Another issue that can arise with housing your Betta fighting fish in a smaller tank is the level of stress that can surface due to frequent water changing and tank cleaning. The smaller the tank, the more you have to extract your Betta fish from its safe space. Frequent removal can lead to potential stress and shock to your pet. So be mindful that you are only removing your Betta fish during complete water changes using a fish net, not during partial water changes.

When you do change your new friend’s water, please make sure that temperature remains consistent when re-introducing them to their tank after a complete water change. For the safest route when cleaning a Betta fish tank, we suggest simply removing 25-50% of the tanks water and refilling with similar temperature and pH dechlorinated water is the safest route. Whenever adding new tap water, make sure to use dechlorination drops or water that has chlorine already removed.

Not only should your fish’s tank be regularly cleaned to help fish remain healthy, but your little guy’s (or gal’s) toys and decorative items should remain free of algae as well. We suggest using a magnetic or algae cleaning pad for regular algae removal, bit only when the tank is filled with water. However, if you are changing your Betta fish’s water completely, remove algae and other contaminants with hot water and a small amount of white vinegar for stubborn stains and smells. NEVER clean fish tank decorations with soap as it is tough to completely remove. Any residual soap left behind can poison your Betta fish when placed back into its tank.

While water filters aren’t required for your Betta fish, they are highly recommended for aquariums larger than 3 gallons. Filters increase oxygen levels for your Betta Fish, remove ammonia and reduce harmful bacteria while supporting healthy bacteria. A filter is inexpensive and is included with most setups. However, filters do have their downsides. Betta fish are not strong swimmers and get tired quickly, and a filter can stress them out if the current is too strong. Also, strong water movement can lead to ripped fins and even death. So make sure to choose a water filter that is adjustable or recommended specifically for Betta fish.

Lighting and Temperature

To regulate their internal biological clocks, Betta fish need natural or artificial light while they are awake during the day and darkness at night so they can sleep. Logically, plants and other decorations can provide these fish a healthy amount of shade if they do want to be exposed by direct lighting. Speaking of which, try to avoid direct sunlight entering your fish’s tank because it can quickly raise the water’s temperature to dangerous levels and promote unwanted algae growth. Artificial lighting is recommended because it can be controlled with the flick of a switch or the push of a button.

You’ve probably noticed by now, but we cannot stress enough the fact that Betta fish are incredibly susceptible to changes in temperature and water conditions. So when doing things like changing the temperature and water of its tank, do it slowly because abrupt environmental changes can stress your Betta and even cause death. A helpful way of avoiding this way this is to simply purchase an aquarium-safe thermometer for regulating purposes.

If your fish’s tank tends to lean colder, purchase a small aquarium heater (e.g., 5-20 watts).These Heaters—which can be purchased at Allan’s Pet Center— are adjustable and contain a built-in thermostat. Never let the water in your tank drop below 65 degrees or go above 82 degrees. If your habitat’s water is consistently too cold or too hot, your Betta will become withdrawn and eventually sick. This is the quickest way to reduce its potential lifespan.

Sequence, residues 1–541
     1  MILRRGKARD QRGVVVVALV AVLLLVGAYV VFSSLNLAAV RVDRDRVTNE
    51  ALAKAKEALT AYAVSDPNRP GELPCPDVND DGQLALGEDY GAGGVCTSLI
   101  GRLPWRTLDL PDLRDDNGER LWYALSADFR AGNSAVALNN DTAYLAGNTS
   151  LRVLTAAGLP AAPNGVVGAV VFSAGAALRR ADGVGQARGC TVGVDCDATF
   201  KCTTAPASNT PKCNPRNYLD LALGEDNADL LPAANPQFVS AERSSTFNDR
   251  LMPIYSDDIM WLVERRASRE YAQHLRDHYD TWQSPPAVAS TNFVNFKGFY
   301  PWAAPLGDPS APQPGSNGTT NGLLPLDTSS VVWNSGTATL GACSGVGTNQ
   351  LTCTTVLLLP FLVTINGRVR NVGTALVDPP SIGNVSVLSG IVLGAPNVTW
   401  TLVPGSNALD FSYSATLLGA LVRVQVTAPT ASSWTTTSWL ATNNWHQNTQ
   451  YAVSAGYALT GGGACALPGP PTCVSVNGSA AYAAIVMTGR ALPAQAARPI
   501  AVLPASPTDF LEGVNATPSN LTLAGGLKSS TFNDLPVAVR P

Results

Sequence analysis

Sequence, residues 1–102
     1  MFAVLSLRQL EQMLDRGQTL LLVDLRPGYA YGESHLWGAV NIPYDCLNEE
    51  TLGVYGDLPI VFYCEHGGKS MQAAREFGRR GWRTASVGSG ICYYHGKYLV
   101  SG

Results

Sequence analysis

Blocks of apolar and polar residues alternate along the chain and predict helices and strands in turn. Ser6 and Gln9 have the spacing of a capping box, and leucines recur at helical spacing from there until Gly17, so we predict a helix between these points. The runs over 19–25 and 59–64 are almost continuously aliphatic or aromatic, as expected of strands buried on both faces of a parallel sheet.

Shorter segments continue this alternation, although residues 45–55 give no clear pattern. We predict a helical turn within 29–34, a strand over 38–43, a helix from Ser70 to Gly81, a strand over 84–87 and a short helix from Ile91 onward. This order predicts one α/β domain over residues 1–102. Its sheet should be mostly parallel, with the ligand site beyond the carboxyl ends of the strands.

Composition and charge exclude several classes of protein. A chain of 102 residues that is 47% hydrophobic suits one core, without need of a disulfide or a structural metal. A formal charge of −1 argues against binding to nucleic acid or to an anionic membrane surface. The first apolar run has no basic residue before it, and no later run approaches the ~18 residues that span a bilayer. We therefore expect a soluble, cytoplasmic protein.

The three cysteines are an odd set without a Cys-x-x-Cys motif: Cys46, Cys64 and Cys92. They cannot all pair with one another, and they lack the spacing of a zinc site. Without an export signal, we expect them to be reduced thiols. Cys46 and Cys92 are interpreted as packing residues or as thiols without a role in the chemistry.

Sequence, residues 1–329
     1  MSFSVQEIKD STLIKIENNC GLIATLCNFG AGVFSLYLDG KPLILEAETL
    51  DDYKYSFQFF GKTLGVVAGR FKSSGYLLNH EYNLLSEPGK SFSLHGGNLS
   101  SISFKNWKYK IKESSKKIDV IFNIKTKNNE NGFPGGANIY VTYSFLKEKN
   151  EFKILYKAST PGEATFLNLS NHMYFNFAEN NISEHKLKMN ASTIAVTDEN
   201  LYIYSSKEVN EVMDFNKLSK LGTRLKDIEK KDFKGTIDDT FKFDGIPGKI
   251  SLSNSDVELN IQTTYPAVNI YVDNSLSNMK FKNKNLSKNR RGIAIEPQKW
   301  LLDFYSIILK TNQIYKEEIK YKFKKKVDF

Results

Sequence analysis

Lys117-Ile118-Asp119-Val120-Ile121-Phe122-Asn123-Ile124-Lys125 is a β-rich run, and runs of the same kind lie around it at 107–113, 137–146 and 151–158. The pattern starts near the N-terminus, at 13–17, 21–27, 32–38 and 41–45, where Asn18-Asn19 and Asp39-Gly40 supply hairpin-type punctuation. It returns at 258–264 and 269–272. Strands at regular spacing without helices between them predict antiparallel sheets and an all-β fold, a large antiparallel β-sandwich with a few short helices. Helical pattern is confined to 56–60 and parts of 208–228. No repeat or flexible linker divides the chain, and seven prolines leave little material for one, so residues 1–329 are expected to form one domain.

Betta Fish Filter

While water filters aren’t required, they are highly recommended for aquariums larger than 3 gallons. Filters increase oxygen levels, remove ammonia and reduce harmful bacteria while supporting healthy bacteria. A filter is inexpensive and included with most setups.

Betta fish are not strong swimmers and get tired quickly, a filter can stress them out if the current is too strong. And strong water movement can lead to ripped fins, stress, and death. Choose a water filter that is adjustable or recommended for a Betta fish. You can also baffle intake tubes and exits with pre-filters or plastic plants if necessary to reduce strong currents.

Betta Fish Tank Mates

This species of fish do not warrant their nickname “Siamese fighting fish” for no reason. Many Betta fish are too aggressive to live with other inhabitants—especially other Betta fish. But there are ways to enjoy the beauty of a Betta fish alongside other critters. DO NOT put two male Bettas in the same tank because they will fight and nip at each other, likely until one is dead or severely stressed. This is cruel and should never be done. It is also not advisable to house a male Betta fish with a female unless they are breeding for short periods (then separated).

Needless to say, Female Betta fish can live together in groups of five or more, but the tank size should double to 10 gallons or more. A general stocking rule is 1 gallon per 1 inch of each fish. If you have 5 females, each being 2 inches that would translate to a 10-gallon tank.

The increased space in larger tanks will decrease the territorial instincts of the Betta and may reduce the aggression against certain types of fish. If in doubt, always ask a store employee before you buy a potential tank mate some of which include:




–          CORY CATFISH



–         NEON TETRAS

–         CLOWN PLECOS